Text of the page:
Two children's advocacy groups have filed a class-action lawsuit against the South Carolina Department of Social Services (DSS), claiming that widespread deficiencies in the system have endangered thousands of children.
The suit, Michelle H. v. Haley, by the South Carolina Appleseed Legal Justice Center, child safety advocacy group Children's Rights, and 11 children in foster care was filed January 12 in the Charleston Division of the U.S. District Court for the District of South Carolina.
The suit was filed on behalf of nearly 3,400 "abused and neglected" children statewide and names Gov. Nikki Haley and acting DSS Director Susan Alford. The 11 plaintiffs, representing all children in state care, range in age from 2 to 17, and they collectively have lived in foster homes and institutions across the state, suffering in myriad ways, according to the complaint.
The state agency does not provide basic medical, dental, and mental health evaluations, screenings, and treatment as required by law, the complaint states. It also cites dangerous deficiencies in South Carolina's child welfare system, including a drastic shortage of foster homes, excessive caseloads, and a failure to provide children with basic healthcare.
"Children have been and continue to be harmed physically, psychologically, and emotionally, and continue to be placed at constant risk of such harms while in DSS custody," the suit states.
"Foster care is supposed to be a safe haven for abused and neglected children, yet South Carolina is revictimizing the kids it's supposed to protect," said Ira Lustbader, litigation director for Children's Rights. "There's got to be accountability when longstanding systemic problems, like a severe lack of mental health services, gross overreliance on institutions and high caseloads, continue to harm innocent children."
According to the complaint, child maltreatment in foster care goes uninvestigated, inaccurate data mask a much higher rate of abuse and neglect in care than the state reports to the federal government, and caseworkers are so overburdened that kids suffer unnecessary harms. South Carolina's own standards call for caseloads of 14 to 20 children, but according to a 2014 report released by the Legislature, 58% of workers had caseloads exceeding state standards, 19% were assigned more than 50 children, and some were even responsible for more than 75 children, the group said.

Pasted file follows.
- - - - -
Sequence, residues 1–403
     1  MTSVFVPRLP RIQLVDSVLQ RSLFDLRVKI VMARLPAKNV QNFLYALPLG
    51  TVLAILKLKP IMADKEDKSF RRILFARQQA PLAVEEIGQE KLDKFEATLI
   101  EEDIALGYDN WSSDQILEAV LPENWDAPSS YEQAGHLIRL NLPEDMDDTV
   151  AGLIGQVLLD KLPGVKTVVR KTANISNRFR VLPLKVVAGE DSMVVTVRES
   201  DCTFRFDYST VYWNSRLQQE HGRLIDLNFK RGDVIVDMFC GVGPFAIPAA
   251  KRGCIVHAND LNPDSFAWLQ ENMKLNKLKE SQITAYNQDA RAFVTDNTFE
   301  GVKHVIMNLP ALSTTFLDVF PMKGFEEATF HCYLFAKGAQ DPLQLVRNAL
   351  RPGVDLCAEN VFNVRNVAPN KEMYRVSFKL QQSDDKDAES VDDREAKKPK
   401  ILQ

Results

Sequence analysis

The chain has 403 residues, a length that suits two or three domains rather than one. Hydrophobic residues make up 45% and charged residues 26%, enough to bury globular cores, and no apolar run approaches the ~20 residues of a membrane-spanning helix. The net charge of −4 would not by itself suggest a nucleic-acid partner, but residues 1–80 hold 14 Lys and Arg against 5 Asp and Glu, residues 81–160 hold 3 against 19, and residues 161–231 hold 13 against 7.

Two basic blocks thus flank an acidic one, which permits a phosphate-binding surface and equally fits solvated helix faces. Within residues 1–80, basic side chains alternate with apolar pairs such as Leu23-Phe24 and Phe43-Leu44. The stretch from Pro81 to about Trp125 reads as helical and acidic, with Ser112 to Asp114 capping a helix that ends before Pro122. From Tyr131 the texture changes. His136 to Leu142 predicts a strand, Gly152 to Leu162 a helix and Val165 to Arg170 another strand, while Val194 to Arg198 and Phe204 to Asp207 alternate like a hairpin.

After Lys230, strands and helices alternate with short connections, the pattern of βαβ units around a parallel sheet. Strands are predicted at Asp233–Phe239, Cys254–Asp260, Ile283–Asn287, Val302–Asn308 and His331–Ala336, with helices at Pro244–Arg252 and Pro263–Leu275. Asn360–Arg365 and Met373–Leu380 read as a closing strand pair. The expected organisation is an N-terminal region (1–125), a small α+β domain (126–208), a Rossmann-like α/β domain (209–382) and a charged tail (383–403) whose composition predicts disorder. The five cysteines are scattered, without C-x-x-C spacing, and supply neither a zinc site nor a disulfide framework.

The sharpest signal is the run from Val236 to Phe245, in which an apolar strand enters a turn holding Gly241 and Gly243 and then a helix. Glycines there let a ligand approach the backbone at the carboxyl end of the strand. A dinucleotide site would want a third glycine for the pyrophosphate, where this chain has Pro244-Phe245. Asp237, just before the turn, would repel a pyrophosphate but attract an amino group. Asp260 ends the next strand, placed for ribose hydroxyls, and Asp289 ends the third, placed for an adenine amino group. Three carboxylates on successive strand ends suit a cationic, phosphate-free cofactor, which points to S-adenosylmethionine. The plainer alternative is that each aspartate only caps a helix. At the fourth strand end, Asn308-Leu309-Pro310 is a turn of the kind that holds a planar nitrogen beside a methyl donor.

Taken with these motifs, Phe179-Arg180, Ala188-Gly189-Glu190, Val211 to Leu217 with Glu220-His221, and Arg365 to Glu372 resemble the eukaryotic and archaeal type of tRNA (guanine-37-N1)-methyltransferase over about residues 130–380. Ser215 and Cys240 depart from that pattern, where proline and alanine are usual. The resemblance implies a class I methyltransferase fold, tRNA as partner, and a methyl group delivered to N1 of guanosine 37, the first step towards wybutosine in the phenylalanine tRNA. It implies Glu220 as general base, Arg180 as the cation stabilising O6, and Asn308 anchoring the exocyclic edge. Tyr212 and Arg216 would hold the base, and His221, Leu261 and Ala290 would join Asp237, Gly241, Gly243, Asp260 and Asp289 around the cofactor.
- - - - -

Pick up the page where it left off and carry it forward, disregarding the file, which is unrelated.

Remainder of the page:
Many of the deficiencies detailed in the suit have been known for decades, but the suit alleges that DSS has failed to make needed fixes.
Failure to provide basic healthcare services
The suit claims DSS does not provide basic healthcare services, failing to ensure timely medical, dental, and mental health assessments, periodic screens, and required treatment for children in its custody as required by federal and state laws, as well as DSS policy.
"The 2014 DSS Plan documents a 'lack of medical assessments, medical or dental records on file, or collateral contacts made with medical providers to obtain assessments or documentation of appointments, make referrals to address medical issues,' as well as a lack of 'medications and contacts with service providers.' The plan also found that 'appropriate referrals ... were not made,' " the complaint states. The 2010 DSS Annual Progress and Services Report also found that many foster children's medical needs are not monitored, and children frequently do not receive needed follow-up treatment.
DSS' failure to provide consistently and timely required assessments, screenings, and follow-up treatment to children in DSS custody "directly causes harm to and deterioration" to the children's physical health, the complaint states.
"For the 25 years that I have been advocating on behalf of South Carolina's most vulnerable citizens, DSS has continuously failed to make changes to ensure kids in foster care are protected and given proper treatment," said Sue Berkowitz, director of the South Carolina Appleseed Legal Justice Center. "Since South Carolina has repeatedly ignored its own admissions about the system, we have no choice but to act and demand reform."